Placer mining

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A sluice box used in placer mining

Placer mining (pronounced "plass-er") is a open-pit or open-cast form of mining by which certain valuable minerals are extracted from the earth without tunneling. Excavation is accomplished using water pressure (hydraulic mining) or surface excavating equipment.

The name derives from Spanish, placer, meaning "sand bank" and refers to precious metal deposits (particularly gold and gem stones) found in alluvial deposits—deposits of sand and gravel representing stream beds. The containing material is generally too loose to safely tunnel into and the metal or gemstones, having been moved by stream flow from an original source such as a vein, is typically only a minuscule portion of the deposit. Where water is available, hydrostatic pressure is used to mine, move, and separate the precious material from the deposit.

Placers supplied most of the gold for a large part of the ancient world. (Inclusions of platinum-group metals in a very large proportion of gold items indicate that the gold was largely derived from placer or alluvial deposits. Platinum-group metals are seldom, if ever, found with gold in reef or vein deposits.) In the United States, placer mining was famous in the context of several gold rushes, particularly the California gold rush. It is a source to this day of gems in Myanmar and Sri Lanka, and of gold in the Klondike.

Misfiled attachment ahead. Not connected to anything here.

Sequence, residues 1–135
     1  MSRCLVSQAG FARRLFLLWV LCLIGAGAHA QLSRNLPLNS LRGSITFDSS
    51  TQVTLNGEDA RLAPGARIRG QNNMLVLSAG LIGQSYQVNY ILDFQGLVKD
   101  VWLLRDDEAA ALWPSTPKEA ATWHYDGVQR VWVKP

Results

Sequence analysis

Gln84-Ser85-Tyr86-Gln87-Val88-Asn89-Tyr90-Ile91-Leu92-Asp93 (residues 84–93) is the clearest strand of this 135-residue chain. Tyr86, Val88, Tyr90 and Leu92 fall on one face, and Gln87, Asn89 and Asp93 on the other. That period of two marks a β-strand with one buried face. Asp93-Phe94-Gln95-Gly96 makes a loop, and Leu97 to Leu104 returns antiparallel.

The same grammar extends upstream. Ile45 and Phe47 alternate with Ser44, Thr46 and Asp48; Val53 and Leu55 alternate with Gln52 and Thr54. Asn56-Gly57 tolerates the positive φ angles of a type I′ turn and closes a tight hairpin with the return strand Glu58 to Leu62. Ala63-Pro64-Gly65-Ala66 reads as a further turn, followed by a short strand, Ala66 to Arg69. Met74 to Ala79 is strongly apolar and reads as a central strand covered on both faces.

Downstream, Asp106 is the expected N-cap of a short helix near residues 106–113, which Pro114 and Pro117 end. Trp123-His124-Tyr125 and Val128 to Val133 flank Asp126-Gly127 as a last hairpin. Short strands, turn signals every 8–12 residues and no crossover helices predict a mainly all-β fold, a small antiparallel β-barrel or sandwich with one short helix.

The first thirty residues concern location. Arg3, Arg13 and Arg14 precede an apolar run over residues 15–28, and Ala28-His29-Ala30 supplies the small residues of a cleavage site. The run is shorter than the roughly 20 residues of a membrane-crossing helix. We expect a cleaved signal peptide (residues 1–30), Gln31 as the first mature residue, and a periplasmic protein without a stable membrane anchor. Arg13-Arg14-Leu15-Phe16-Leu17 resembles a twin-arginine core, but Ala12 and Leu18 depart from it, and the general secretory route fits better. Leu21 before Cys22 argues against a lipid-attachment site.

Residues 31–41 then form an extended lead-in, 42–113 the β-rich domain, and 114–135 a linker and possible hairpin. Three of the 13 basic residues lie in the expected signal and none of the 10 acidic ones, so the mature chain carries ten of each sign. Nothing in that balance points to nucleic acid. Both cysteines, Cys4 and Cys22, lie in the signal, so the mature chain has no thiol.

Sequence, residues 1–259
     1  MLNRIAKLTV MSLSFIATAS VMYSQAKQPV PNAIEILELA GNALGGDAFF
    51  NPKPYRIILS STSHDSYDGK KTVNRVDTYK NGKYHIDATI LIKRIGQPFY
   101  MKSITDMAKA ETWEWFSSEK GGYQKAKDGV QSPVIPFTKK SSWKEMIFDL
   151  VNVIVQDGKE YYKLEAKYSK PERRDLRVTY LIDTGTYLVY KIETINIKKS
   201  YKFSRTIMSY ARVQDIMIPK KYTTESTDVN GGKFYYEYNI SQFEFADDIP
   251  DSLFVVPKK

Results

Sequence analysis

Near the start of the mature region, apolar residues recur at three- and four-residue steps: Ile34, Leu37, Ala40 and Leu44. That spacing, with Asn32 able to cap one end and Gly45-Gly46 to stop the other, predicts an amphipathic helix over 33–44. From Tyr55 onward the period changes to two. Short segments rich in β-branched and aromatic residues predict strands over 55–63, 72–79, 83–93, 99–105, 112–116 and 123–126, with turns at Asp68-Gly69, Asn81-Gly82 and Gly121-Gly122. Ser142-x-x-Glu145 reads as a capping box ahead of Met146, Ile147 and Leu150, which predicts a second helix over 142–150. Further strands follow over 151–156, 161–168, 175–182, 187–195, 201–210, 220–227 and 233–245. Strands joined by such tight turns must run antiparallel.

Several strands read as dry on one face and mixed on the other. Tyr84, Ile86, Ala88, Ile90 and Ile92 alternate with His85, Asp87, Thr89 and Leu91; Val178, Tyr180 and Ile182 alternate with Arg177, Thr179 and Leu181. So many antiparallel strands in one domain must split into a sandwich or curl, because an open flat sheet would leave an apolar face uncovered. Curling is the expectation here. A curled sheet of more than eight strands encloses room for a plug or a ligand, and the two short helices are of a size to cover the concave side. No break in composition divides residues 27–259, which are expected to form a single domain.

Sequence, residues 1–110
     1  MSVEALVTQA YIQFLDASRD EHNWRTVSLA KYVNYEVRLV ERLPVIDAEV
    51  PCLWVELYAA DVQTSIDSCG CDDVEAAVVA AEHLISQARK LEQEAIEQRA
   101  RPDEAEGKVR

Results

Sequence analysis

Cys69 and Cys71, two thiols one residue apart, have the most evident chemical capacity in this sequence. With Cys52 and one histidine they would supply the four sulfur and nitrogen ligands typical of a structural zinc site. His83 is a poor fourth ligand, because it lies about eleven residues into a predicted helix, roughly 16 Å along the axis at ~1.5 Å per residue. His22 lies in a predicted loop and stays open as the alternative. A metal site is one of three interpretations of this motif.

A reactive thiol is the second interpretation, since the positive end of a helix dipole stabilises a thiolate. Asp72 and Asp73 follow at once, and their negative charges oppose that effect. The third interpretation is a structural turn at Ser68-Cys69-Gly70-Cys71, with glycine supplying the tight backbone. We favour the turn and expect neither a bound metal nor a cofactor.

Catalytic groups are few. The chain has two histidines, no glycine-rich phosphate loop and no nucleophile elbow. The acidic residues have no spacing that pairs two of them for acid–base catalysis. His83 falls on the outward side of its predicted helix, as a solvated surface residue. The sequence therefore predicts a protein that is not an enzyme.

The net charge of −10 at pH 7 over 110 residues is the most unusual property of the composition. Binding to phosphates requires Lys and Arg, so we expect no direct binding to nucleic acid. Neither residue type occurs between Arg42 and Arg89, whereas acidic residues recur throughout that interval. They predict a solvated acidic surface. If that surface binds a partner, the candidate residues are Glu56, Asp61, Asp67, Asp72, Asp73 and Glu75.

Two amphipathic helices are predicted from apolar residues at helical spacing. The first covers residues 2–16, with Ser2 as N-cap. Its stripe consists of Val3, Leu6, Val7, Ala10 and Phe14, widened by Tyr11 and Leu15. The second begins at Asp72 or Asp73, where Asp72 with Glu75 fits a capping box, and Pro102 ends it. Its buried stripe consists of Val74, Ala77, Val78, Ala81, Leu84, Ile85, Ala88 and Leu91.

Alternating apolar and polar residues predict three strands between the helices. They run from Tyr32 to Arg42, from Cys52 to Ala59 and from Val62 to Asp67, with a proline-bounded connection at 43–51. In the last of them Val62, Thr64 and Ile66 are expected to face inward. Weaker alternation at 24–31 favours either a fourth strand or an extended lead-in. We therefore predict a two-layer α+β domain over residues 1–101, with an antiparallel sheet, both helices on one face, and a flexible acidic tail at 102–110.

The simplest technique of placer gold mining is panning. In panning, some sediment is placed in a large metal pan, combined with a generous amount of water, and agitated so that the sand flows over the side. Any gold particles contained in the sand, due to the higher density of gold, will tend to remain on the bottom of the pan after all of the sand and mud have been removed. The same principle may be employed on a larger scale by constructing a short sluice box, with barriers along the bottom to slow the movement of gold particles. This method better suits excavation with shovels or similar implements to feed sediment into the device.

Environmental activists describe placer mining as very destructive, because of the large amounts of silt that it adds to previously clear running streams.


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